Thursday, January 31, 2013


Special to TorSun
31 JAN 2013
R: 4.5/5

Pictured: Melanie Diener, Ben Heppner

While it would never win any sort of following, one suspects, as a modern day action/adventure story, there is nonetheless something powerfully elemental about the power of Richard Wagner's epic opera TRISTAN UND ISOLDE. For while, in spinning out the timeless tragedy of an Irish princess and the knight torn between his love for her and his love for his liege lord, Wagner arranged it so that most of the action happened off stage, he concentrated his awe-inspiring musical creativity on the internal voyage of of the star-crossed lovers at the heart of his tale instead.

And in staging this epic work — which, no matter how you cut it, gives precious few minutes change from a five and a half hour investment — for a modern audience, director Peter Sellars opts to embrace its rather glacial pacing and explore it to its fullest, rather than attempt to pass it off as a lot of shaved ice. Originally created for the Opéra national de Paris in 2005, Sellars visionary production of the Wagnerian classic has been recreated for the Canadian Opera Company on the stage of the Four Seasons Centre, where it opened in a limited run Tuesday.

With soprano Melanie Diener cast as Isolde opposite our own Ben Heppner, returning to the COC stage in triumph as Tristan, this is a treasure trove of truly impressive vocal talent, as these two most impressive singers team with bass-baritone Alan Held, bass Franz-Josef Selig, and soprano Daveda Karanas to inhabit and illuminate Wagner's tragic yet oddly celebratory tale.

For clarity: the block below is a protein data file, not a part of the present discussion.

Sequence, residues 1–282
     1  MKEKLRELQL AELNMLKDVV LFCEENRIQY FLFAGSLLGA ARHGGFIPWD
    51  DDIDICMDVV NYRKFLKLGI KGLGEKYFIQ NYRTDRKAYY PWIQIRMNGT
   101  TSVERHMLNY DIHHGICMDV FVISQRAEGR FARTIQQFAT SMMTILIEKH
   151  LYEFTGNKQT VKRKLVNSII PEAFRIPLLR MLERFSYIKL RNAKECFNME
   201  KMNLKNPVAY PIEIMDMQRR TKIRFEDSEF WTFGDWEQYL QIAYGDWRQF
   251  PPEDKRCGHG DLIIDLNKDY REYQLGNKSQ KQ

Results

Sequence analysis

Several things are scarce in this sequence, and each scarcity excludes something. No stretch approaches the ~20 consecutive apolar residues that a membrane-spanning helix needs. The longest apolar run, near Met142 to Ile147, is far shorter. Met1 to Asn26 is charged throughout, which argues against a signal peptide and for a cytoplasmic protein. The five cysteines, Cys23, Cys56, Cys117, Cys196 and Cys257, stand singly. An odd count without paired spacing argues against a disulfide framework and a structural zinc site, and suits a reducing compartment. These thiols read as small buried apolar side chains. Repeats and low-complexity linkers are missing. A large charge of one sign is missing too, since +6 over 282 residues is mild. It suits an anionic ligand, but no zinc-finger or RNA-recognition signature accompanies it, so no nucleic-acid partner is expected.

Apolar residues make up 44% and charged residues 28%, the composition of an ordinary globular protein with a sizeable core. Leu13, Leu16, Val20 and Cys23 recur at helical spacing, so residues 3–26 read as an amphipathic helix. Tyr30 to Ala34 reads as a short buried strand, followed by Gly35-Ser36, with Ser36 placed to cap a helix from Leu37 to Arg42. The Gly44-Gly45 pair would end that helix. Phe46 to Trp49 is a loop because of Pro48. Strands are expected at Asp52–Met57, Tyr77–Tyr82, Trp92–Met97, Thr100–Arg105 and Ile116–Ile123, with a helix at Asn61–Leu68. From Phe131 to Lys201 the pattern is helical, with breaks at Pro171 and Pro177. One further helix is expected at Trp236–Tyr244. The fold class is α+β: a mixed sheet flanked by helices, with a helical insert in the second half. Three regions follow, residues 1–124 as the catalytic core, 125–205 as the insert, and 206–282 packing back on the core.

As befits such a story, Sellars stages it with stark simplicity, using only only a few risers and the impressive lighting design of James F. Ingalls to delineate his setting; at the same time, embracing the magnificent talent of his cast and spreading it through the breadth and width of the hall, transforming it into adventure in operatic surround sound. For the rest — from sea voyages through night-time trysts and lingering deaths — he cocoons his audience in the heart of the artistic vision of Bill Viola, who uses slow motion video footage to reinforce the interior aspect of the story.

While the result — footage in which both the heat of searing passion and and its cleansing fluidity are highlighted — could on occasion be compared to watching paint dry, it is unquestionably paint applied to maximum effect by a true master who renders the process far more riveting than mind-numbing. Seamlessly interwoven with Wagner's masterful and breath-taking score, served up virtually free of Wagnerian cliché by the COC Orchestra under the assured baton of Johannes Debus, this is a production that puts the audience at the very centre of the drama, for good or for ill.

And while it is clearly not to everyone's taste, as evidenced by some catcalls during the opening night curtain call, for those prepared to surrender to the sheer monumental quality of the emotion, TRISTAN UND ISOLDE is likely to leave you in a state of enervated exultation. Which, in the world of opera, is a pretty fine place to be.

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